Spieth working hard with Masters in mind

The Associated Press

PALM HARBOR, Fla. — Jordan Spieth feels as though he has been playing catch-up all year.

Spieth had a memorable offseason when he proposed (successfully) to longtime girlfriend Annie Verret. What suffered were his preparations for a new year after a bout with mononucleosis. He lost weight. More importantly, he lost time.

That’s one reason he was on the fence about his schedule leading up to the Masters. Spieth didn’t firmly decide to play in the Mexico Championship until the last minute, and that briefly made him rethink whether to play the Valspar Championship, which he won three years ago.

Ultimately, he did both.

“I was trying to figure out what was the best strategy to be as rested and prepared for Augusta,” Spieth said. “I just wasn’t sure. I haven’t had a whole lot of rest.”

His December can be understated, much like the time it took Dustin Johnson to fully recover from his back injury before the Masters last year.

Spieth is playing his sixth tournament of the year at the Valspar Championship, but part of him feels like it’s January. All because of December, when he said he had only four one-hour practice sessions.

“I probably lost a full month, month-and-a-half out of it,” Spieth said. “The problem was in that time coming back, the basic stuff after you take a couple of weeks off … is the time you figure out all the basics: the ball position, the alignment issues. And then I was starting to have those problems, especially in the short game, while I was having to play tournaments. And so it adds to that frustration level.”

It hasn’t been a total flop. Spieth has had only two rounds over par, in the opening round of Kapalua and Phoenix. While he missed the cut in Phoenix, his worst other finish was a tie for 20th at Pebble Beach.

“I feel like right now my game is in the shape it would be after playing a couple of events,” he said in Mexico. “The progression of that last three-week stretch (Phoenix, Pebble, Riviera) is the progression I normally experience the first few weeks of the year.”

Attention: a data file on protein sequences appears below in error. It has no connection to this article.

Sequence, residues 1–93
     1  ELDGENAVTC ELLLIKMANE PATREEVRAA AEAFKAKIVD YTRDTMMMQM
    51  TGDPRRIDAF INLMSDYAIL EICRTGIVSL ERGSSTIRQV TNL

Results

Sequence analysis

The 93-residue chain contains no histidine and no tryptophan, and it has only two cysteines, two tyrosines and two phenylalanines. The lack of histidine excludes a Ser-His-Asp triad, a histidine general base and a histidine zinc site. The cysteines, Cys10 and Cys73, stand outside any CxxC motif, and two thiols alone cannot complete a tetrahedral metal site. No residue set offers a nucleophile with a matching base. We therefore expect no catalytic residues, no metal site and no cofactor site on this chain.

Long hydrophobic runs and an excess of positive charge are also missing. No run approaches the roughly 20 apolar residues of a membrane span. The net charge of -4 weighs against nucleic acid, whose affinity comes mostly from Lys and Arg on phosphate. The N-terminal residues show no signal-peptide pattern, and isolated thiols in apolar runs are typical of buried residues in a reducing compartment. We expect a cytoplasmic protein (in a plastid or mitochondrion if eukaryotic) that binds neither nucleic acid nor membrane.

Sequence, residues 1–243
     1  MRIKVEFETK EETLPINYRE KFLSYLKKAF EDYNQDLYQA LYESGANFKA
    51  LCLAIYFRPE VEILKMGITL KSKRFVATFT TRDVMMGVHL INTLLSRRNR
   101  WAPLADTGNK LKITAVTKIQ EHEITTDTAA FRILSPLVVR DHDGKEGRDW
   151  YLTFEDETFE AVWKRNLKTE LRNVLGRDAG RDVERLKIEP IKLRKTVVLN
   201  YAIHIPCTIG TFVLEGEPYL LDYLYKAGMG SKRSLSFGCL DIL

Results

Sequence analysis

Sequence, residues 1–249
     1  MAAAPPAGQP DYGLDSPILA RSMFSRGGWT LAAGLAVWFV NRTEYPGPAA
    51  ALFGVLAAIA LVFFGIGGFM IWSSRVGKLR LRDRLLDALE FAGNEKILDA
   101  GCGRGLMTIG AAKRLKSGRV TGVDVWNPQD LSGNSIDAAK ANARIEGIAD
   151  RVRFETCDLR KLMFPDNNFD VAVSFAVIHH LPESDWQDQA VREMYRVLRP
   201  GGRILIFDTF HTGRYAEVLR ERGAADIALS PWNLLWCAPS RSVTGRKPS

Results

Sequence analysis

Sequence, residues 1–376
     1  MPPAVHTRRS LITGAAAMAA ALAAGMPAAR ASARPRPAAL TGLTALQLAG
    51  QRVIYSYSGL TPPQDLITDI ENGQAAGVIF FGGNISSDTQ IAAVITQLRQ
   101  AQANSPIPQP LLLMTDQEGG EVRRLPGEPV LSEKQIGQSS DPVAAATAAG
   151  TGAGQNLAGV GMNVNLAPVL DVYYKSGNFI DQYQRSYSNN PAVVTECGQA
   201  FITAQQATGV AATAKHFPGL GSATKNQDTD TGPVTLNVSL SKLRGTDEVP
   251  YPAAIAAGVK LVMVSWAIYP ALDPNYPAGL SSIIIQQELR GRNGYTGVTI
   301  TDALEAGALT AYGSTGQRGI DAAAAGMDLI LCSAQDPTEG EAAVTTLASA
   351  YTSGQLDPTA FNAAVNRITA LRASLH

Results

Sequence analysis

After the Valspar Championship, he is off next week before Match Play, the Houston Open and the Masters.

Tiger time

Tiger Woods is playing the Valspar Championship for the first time, meaning there are nine events on the PGA Tour schedule (excluding the opposite-field events) he has never played.

One of them only began this year, the CJ Cup in South Korea.

Two others in the fall have only been around for about a decade: the OHL Classic in Mayakoba began in 2007, and the RSM Classic in Sea Island dates to 2010.

Woods has never played the week before the Masters (Houston Open) or U.S. Open (St. Jude Classic). He has never played the Travelers Championship, which is one week after the U.S. Open. Woods has played the week after the U.S. Open three times — never particularly well — in the Buick Classic.

The other events are the Zurich Classic in New Orleans, the Sony Open in Honolulu, and the CareerBuilder Challenge in the California desert.

Feeling confident

Dustin Johnson started the year with four wedges, and now is down to three. The 2-iron has replaced the 64-degree sand wedge.

Attribute that to being over-confident — and perhaps too reliant — on the 64-degree wedge.

“I felt like I was getting just a little bit lazy with shots into the green because I had a 64 in my bag and I felt like I could hit it anywhere and get up-and-down,” Johnson said last week in Mexico. “I don’t know if I was actually doing that. Maybe I was just hitting it bad enough that I was hitting it everywhere.

“But yeah, I just went back to what I normally play with.”

That’s love

Imagine driving for 1,500 miles with 12 adults and 12 children to reach a desert, then spending six days sleeping in tents. Louis Oosthuizen wouldn’t miss it, a time to recharge over the holidays in South Africa.

“I’m already planning next year,” Oosthuizen said.

For the last six years, Oosthuizen packs up family and friends and heads for the Namib desert, which stretches some 1,200 miles along the Atlantic coast. The only communication they have with the outside world is a satellite phone. They require two guides to drive them in and out of the desert because of the heavy dunes. When they aren’t riding four-wheelers, they are fishing for dinner.

“You go 300 yards into the desert, it’s so warm,” he said. “The camp site is next to the ocean and it’s cool at night.”

He said the whole trip takes 11 days, which includes travel there.

“What makes it difficult is the week I come back is always the South Africa Open,” he said. “It’s a tournament I want to play, but it’s a trip I can’t miss.”

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